MAR 19, 2014 07:00 AM PDT

Therapeutic Strategies for Cognitive Dysfunction in Down Syndrome

Presented At Neuroscience
Speakers
  • Clinical Associate Professor Department of Psychiatry & Behavioral Sciences, Stanford Medical School
    Biography
      Ahmad Salehi, M.D., Ph.D. is a Clinical Associate Professor at the Department of Psychiatry and Behavioral Sciences, Stanford Medical School and the Director of the Translational Laboratory at the VA Palo Alto Health Care System in California. He obtained his MD in Tehran, Iran and then moved to the Netherlands Institute for Brain Research, in Amsterdam to get his PhD. While he was there, he was selected as the best junior scientist in the field of Alzheimers disease in the Netherlands. After finishing his graduate studies and 3 years of postdoc in Amsterdam, he moved to Stanford Medical School. First as a postdoc, and then as a Senior Research Associate, he worked on mechanisms of failed axonal transport in mouse models of Down syndrome. For almost a decade, he was the Director of Stanford Brain Bank. Since 2009, Dr. Salehi has moved to the Department of Psychiatry and Behavioral Sciences at Stanford. In December 2010, he received the World Technology Award in the field of Biotechnology for his innovative work on the use of mouse models of Down syndrome. During his carrier, Ahmad has been involved in publication of a large number of papers from which several have appeared on the cover of Science, Cell: Stem Cell, Science Translational Medicine, Neuroscience and Bio-behavior Reviews, and Biological Psychiatry (twice).

    Abstract:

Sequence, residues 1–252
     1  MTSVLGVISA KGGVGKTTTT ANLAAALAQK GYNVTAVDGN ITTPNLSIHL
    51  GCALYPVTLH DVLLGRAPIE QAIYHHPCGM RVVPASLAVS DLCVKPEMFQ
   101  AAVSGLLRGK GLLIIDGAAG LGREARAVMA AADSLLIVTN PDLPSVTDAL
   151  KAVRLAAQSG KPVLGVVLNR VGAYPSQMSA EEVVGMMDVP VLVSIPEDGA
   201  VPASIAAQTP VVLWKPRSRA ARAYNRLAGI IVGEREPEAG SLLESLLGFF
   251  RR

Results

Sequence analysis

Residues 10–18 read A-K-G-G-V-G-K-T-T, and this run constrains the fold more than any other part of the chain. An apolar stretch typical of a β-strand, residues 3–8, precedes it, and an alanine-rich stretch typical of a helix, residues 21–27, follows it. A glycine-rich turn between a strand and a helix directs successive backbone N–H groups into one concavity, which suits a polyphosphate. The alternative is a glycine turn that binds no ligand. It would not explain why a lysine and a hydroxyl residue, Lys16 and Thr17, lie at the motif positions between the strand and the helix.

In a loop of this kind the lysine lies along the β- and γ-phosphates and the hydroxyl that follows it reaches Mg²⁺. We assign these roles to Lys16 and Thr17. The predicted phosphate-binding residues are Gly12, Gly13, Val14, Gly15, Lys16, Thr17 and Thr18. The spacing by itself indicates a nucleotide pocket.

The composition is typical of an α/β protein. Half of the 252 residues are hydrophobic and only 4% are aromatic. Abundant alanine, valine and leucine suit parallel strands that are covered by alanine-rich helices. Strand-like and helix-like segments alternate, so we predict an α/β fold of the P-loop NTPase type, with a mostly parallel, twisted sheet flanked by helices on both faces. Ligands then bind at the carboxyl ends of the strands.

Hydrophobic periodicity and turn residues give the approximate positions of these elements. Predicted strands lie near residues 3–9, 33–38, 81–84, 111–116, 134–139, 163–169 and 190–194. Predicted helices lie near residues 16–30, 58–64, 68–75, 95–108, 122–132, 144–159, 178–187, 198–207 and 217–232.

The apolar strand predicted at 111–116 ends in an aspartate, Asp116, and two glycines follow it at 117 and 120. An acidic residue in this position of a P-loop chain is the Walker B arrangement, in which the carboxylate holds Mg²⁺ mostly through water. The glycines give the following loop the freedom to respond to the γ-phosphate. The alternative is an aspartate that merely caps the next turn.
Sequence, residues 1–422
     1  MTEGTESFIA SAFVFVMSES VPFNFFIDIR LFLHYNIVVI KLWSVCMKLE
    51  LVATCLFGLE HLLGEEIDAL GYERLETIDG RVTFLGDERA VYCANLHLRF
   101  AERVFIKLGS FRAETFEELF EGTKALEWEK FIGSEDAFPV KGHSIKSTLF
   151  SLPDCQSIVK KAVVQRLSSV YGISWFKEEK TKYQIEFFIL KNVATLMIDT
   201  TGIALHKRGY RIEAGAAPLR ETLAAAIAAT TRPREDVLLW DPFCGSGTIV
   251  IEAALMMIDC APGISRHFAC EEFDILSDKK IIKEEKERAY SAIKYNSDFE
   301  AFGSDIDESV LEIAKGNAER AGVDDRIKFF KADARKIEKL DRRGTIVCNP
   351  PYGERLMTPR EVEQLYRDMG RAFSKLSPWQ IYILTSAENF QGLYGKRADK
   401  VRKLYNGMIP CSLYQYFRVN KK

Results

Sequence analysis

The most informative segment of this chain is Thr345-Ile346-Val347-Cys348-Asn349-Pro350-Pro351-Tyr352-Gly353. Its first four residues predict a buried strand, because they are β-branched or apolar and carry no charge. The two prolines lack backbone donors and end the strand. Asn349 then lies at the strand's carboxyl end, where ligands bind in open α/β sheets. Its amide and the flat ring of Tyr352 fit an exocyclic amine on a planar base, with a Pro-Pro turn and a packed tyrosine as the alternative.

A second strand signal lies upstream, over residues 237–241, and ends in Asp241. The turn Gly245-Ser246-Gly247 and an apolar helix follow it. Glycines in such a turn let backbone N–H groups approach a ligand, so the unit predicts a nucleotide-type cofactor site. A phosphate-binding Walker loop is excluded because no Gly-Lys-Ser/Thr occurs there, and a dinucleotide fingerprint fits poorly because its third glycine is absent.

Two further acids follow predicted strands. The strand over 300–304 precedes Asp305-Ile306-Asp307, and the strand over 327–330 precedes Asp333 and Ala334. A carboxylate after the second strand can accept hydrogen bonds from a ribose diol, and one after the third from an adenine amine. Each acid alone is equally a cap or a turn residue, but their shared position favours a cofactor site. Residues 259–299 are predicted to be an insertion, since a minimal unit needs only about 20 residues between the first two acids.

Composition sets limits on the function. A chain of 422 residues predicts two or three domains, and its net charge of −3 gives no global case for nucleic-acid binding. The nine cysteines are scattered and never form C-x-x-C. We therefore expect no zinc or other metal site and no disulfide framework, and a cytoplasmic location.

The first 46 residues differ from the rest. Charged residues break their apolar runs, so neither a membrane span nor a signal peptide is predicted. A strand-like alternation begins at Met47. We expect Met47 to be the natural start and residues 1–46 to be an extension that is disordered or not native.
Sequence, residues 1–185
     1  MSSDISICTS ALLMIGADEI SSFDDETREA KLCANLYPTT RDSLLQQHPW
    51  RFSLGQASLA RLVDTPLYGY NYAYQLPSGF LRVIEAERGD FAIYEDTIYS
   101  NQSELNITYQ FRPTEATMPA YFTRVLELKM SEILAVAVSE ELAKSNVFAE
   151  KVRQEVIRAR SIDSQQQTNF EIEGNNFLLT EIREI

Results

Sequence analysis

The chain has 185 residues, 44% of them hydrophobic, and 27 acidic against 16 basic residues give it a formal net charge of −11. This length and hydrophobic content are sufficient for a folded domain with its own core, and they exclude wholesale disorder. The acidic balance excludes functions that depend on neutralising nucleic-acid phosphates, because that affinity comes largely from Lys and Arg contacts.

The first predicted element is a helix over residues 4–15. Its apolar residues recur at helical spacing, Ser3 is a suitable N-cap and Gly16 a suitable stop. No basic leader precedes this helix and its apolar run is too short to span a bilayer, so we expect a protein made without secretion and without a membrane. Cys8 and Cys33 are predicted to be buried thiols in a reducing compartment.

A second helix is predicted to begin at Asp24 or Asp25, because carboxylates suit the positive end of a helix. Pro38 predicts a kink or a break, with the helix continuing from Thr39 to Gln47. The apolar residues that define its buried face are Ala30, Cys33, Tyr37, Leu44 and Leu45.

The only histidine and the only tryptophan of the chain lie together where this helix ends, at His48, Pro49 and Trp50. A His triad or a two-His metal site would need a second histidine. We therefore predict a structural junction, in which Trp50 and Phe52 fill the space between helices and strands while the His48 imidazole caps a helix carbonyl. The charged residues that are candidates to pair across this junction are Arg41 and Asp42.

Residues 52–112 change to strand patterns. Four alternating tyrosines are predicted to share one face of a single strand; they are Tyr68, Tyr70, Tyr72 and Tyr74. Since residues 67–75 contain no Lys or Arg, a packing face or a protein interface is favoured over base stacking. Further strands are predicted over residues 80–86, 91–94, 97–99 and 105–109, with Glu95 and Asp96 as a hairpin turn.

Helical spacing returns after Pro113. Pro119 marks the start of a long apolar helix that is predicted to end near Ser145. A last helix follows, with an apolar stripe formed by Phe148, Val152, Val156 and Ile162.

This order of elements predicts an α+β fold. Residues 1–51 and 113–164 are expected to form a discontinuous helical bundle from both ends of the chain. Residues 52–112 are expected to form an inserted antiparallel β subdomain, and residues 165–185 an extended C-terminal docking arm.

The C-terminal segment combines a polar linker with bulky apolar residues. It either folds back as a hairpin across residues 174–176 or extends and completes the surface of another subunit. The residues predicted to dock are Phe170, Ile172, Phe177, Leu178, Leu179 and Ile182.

Down syndrome (DS) is a complex multi-system disorder affecting more than 5.8 million individuals around the world and it causes significant physical, psychological, and cognitive abnormalities in affected individuals. Later in adulthood, all individuals with DS develop brain pathology indistinguishable from that of Alzheimer's disease (AD). To understand the neurobiological basis of cognitive dysfunction in DS, we have used the Ts65Dn mouse model of DS. Similar to both DS and AD, these mice show significant age-dependent degeneration of cholinergic neurons in the basal forebrain and norepinephrine (NE)-ergic neurons in the locus coeruleus. Among around 300 genes triplicated in DS, the triplication of amyloid precursor protein (APP) plays a significant role in the pathophysiology of cognitive dysfunction in DS. Interestingly, we found that App over-expression is both sufficient and necessary for degeneration of both cholinergic and NE-ergic systems. We have focused on restoring NE-ergic system as a therapeutic strategy for cognitive dysfunction in DS. The critical role of NE-ergic system in cognitive dysfunction in Ts65Dn has been supported by the fact that increasing brain NE levels with L-DOPS, i.e. a NE prodrug, restored contextual learning in Ts65Dn mice. L-DOPS was just approved by the FDA for use in the treatment of hypotension. To identify an alternative agent to improve NE signaling in DS and to expedite the process of drug development, we aimed to test the effects of adrenergic drugs on cognitive function that have already been approved for use in humans. In the periphery, a majority of β1ARs are found in the cardiovascular system. Formoterol is a long-acting adrenergic receptor agonist. We found that the use of formoterol in adult Ts65Dn mice was safe and led to a significant improvement in contextual learning and restoration of synaptic density in the dentate gyrus in Ts65Dn mice. Furthermore, formoterol treatment was linked to a significant increase in the rate of cell proliferation and dendritic complexity of newly born neurons in the dentate gyrus of the hippocampus in Ts65Dn mice. Our investigation revealed that improving β2 adrenergic signaling led to a significant increase in the density of microglia in the dentate gyrus of Ts65Dn mice. Since microglia activation has been linked to increased Aβ clearance, our data suggests that improving adrenergic signaling might also reduce the severity of Aβ pathology in adults DS showing significant AD-related pathology. All these data support the idea that improving NE-signaling particularity activation of β2 adrenergic receptors might be an effective strategy in improving cognitive function in both AD and DS.


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